Gathering Toys for Gaza
Over 20 student clubs on campus are collaborating to collect lightly used toys and blankets for the children affected by the violence in Gaza. The drive is led by the United Nation’s Children Fund (UNICEF) and will be collecting from Feb. 9 to Feb. 25.
Clubs involved in the event include the Afghanistan Development Project, Society of Arab Students, Muslim Student Union and Campus Crusade for Christ. The project is already proving to be highly successful.
“Monday was the first day and we got several boxes full,” said Farzad “Kais” Alikozai, a third-year international studies major and officer of UNICEF at UC Irvine.
Donations are being shipped at the end of the month free of charge through the Palestine Children’s Relief Fund (PCRF), an international non-profit organization. PCRF’s primary concern is improving medical care for children and dealing with shipping medical supplies and equipment to the West Bank and Gaza Strip where, according to BBC and United Nations reports, more than 300 children are dead and 1,600 injured.
In light of the devastating violence, UNICEF originally wanted to collect medical supplies and goods. However, prices, shipping and other complications made it a difficult option. Rather than abandon the cause, students moved to collect toys and blankets instead.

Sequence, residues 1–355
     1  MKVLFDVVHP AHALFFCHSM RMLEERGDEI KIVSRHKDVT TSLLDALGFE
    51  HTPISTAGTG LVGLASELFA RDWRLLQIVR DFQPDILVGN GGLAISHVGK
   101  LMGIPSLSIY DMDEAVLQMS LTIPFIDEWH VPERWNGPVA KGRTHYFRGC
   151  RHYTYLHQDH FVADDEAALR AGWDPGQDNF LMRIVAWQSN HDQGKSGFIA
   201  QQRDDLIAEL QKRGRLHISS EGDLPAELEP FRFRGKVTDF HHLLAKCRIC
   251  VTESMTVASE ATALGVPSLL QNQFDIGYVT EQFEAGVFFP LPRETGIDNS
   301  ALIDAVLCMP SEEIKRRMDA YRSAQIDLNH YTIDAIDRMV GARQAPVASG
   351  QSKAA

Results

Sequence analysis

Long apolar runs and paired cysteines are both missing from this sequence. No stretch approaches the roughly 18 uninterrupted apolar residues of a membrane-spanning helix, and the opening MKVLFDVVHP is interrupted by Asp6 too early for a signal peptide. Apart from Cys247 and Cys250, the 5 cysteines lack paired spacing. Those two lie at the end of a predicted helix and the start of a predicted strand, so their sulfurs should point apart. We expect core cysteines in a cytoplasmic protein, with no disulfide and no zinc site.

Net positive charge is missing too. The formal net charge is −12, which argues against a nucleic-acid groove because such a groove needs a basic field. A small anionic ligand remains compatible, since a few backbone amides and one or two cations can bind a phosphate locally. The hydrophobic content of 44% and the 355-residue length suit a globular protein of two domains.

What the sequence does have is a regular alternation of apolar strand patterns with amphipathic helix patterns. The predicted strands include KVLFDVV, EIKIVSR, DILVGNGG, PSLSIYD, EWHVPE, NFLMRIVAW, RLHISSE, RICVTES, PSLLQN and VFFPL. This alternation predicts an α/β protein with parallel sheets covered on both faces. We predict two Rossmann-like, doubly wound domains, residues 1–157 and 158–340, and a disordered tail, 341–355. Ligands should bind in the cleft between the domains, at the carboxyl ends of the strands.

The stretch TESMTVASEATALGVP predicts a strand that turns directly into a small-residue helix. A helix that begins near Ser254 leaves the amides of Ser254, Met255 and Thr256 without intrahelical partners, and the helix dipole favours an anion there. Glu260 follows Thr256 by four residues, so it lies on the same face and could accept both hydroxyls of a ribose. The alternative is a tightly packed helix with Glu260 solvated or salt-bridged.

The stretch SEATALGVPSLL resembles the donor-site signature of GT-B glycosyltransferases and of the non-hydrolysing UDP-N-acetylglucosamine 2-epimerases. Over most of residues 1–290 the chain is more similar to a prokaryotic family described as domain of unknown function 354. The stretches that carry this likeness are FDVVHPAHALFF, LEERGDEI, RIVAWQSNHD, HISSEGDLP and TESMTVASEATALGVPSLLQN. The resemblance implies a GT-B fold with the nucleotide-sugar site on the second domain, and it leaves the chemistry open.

“Shipping that stuff halfway around the world costs a lot of money and Gaza is still under blockade, so it’s really difficult to give aid,” Alikozai said. “We were lucky to find one organization that was actually doing a drive.”
According to Sarah Yazouri, a second-year undeclared major who represented the Arab Society for Students, the amount of donations took a back seat to spreading knowledge.
“Whether or not we get a lot of donations, it’s most important to us that we inform people of the devastation in Gaza so that they realize what’s going on in the world and take action,” Yazouri said.
Drives like Toys for Gaza attempt to transcend the donations that they collect, with the goal of both informing the public and providing comfort to the children in Gaza. Organizations like Doctors Without Borders have noted the immense psychological damage that ultimately might be the most damaging factor for surviving children in Gaza.
The drive has been a humanitarian effort and has raised much support despite the controversial politics in Gaza.
“There are people in Crusade that see themselves as ‘pro-Gaza’ or ‘pro-Israel’ but it hasn’t held them back from joining in. We want to be able to get involved, give toys to kids and make connections with other clubs,” said Tim Conie, a third-year biology major and an organizer of the Campus Crusade for Christ’s involvement in the drive.
“The response to this toy and blanket drive has been amazing,” Yazouri said. “Nearly 300 people have joined the Facebook group for it and already donations from clubs and even the public have been coming in.”
Green collection boxes are stationed at seven locations on campus, including the Student Center, Cross-Cultural Center, Pippin and Mesa Commons.